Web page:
How Many Ukrainian Refugees Are in Poland?
18:42 GMT 06.08.2023 (Updated: 18:54 GMT 06.08.2023)
© Sputnik / Alexey VitvitskyUkrainian refugees wait on a platform upon arrival from Lvov at a railway station in Przemysl, the border control between Ukraine and Poland
© Sputnik / Alexey Vitvitsky/
The escalation of the Ukrainian conflict in February 2022 prompted a veritable exodus from Ukraine as hundreds of thousands of civilians fled their home country.
Many Ukrainian refugees ended up fleeing across the border to neighboring Poland where some of them sought asylum.
The insistence of the regime in Kiev and its Western sponsors to prolong the fighting in Ukraine as much as possible has made quite a few of these refugees increasingly reluctant to return home.
The Ukrainian authorities’ efforts to forcibly conscript able-bodied Ukrainian men only to sacrifice them in futile attacks against Russian forces have also prompted many to seek their fortunes away from their home.
The impact of this migration on Ukraine’s population is somewhat difficult to gauge, however, as the last census in the country was held over two decades ago in 2001.
So how many Ukrainians have fled to Poland in recent months and what accommodation were they able to find there? Sputnik investigates.
How Many in Poland
According to the information provided by the UN High Commissioner for Refugees (UNHCR), over 13.69 million border crossings from Ukraine to Poland have taken place since February 24, 2022, with the agency pointing out that this figure includes all Ukrainian and third-country nationals border crossings.
At least 968,390 Ukrainian refugees were recorded in Poland as of this week, and some 1,639,725 Ukrainians applied for asylum in that country, UNHCR notes.
How Long Can Refugees Stay in Poland
In March 2023, the Polish government announced that Ukrainian refugees who left their home country due to the escalation of the conflict will be able to legally stay in Poland for 18 months starting from February 24, 2022.
About a month later, however, Polish legislators adopted new amendments to the special bill on the matter, effectively allowing Ukrainian refugees to legally remain in the country until March 2024.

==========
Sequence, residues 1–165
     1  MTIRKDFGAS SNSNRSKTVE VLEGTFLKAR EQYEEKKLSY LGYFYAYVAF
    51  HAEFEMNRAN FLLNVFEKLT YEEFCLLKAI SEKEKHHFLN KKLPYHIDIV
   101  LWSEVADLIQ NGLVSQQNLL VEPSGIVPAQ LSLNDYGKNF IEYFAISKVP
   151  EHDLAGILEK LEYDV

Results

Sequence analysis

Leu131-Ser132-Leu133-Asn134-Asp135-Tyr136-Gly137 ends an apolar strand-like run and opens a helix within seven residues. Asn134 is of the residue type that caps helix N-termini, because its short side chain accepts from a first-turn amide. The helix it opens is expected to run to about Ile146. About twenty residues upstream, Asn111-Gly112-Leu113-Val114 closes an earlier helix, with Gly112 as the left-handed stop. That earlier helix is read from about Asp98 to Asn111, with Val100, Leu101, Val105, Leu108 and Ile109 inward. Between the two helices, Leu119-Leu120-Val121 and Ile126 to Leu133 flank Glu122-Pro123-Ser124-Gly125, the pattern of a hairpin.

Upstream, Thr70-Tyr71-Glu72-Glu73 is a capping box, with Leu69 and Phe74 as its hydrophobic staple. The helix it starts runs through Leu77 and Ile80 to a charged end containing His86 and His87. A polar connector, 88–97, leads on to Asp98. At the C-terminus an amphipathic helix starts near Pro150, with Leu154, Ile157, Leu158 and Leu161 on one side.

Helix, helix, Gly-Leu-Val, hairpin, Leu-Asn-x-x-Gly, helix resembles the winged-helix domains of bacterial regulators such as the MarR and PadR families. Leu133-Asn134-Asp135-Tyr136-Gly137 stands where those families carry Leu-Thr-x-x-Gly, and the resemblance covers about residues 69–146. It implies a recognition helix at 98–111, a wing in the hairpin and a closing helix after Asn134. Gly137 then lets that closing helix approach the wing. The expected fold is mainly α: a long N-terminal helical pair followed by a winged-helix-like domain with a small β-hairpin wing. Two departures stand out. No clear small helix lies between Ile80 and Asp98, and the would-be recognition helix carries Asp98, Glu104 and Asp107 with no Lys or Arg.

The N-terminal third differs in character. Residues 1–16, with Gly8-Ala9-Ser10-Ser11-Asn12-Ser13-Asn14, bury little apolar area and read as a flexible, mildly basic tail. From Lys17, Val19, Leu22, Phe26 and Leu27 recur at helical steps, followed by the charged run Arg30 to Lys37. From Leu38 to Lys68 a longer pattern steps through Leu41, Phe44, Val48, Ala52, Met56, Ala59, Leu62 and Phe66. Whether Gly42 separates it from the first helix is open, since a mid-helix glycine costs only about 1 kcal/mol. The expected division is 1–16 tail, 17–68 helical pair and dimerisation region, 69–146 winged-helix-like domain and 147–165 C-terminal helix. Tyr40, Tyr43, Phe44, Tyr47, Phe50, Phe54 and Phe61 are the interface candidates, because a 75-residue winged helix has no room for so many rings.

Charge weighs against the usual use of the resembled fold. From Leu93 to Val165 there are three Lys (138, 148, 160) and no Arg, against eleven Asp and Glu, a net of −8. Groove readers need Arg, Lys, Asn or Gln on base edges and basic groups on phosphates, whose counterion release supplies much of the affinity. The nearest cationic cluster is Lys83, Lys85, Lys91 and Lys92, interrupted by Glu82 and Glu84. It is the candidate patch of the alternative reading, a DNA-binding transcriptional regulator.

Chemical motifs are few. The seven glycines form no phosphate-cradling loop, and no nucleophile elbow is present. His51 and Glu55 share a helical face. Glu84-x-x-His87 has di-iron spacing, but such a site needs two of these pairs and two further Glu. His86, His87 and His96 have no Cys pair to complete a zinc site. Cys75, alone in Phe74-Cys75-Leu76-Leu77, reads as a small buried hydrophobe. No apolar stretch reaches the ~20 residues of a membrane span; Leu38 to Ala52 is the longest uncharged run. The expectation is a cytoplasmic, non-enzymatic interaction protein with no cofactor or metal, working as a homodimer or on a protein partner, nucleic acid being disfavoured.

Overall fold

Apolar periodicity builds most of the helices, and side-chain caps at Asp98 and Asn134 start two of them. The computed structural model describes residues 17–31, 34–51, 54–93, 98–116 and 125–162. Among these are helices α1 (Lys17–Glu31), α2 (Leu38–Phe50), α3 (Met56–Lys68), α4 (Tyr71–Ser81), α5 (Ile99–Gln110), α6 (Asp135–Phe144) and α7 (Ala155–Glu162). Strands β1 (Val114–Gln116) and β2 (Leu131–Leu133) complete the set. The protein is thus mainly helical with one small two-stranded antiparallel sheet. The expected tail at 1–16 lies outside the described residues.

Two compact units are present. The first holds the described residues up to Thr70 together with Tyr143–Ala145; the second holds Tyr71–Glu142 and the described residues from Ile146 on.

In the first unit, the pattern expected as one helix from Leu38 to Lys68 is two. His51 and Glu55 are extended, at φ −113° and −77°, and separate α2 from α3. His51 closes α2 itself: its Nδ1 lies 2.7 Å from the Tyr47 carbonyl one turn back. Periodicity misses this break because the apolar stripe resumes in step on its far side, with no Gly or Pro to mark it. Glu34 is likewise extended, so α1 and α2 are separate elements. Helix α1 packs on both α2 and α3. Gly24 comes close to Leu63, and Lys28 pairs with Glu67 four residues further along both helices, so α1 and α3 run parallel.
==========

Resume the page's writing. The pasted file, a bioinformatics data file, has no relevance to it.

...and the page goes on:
Under the auspices of these new amendments, Ukrainian child refugees who would go to kindergarten or school in March 2024 will be allowed to stay in the country at least until August 31 that year, along with their parents or guardians.
Ukrainian underage high school graduates will also be granted an extension of their stay in Poland alongside their parents or guardians until September 30, 2024.
How Are Refugees Treated
As the Ukrainian conflict drags on, refugees in Poland struggle to adapt to the life in their host country.
One researcher from the University of Warsaw’s Center for Migration Research was quoted in February by a European broadcaster as saying that Ukrainian refugees in Poland face problems with finding employment and accommodation, and that there is a need for a long-term program aimed at solving their issues.
Another European digital media outlet reported in May that the Polish Economic Institute (PIE) noticed a change in the Polish people’s attitude towards Ukrainian refugees.
In a report titled "Poles and Ukrainians - challenges of refugee integration," PIE noted that, while about 66 percent of Poles support accepting refugees, that number has dropped by 7 percentage points in recent months.
The number of Poles who think that Ukrainian refugees need help has also witnessed a significant decline, from 84 percent to 50 percent, with one PIE scholar describing this dwindling willingness to help refugees as “compassion fatigue.”
The plight of the Ukrainian refugees in Poland may be further compounded by the strained relations between Warsaw and Kiev.
Despite Poland being one of Ukraine’s biggest donors in terms of military hardware, not to mention reports about Polish mercenaries fighting alongside the Ukrainian militants, the relationship between the two countries has soured in recent weeks. Relations deteriorated after Warsaw moved to hamper Ukrainian agri-food exports to the EU out of concern that it might harm the livelihoods of Polish farmers.
This week, Kiev ended up calling the Polish ambassador in on Monday after Marcin Przydacz, Poland's secretary of state in the Chancellery of the President, accused Ukraine of being ungrateful for all the help the country provides to the country.
Warsaw promptly summoned Ukraine’s top envoy in Poland over this development, while Poland's Deputy Foreign Minister Pawel Jablonski had to admit that the relations between the two countries were strained by this diplomatic row.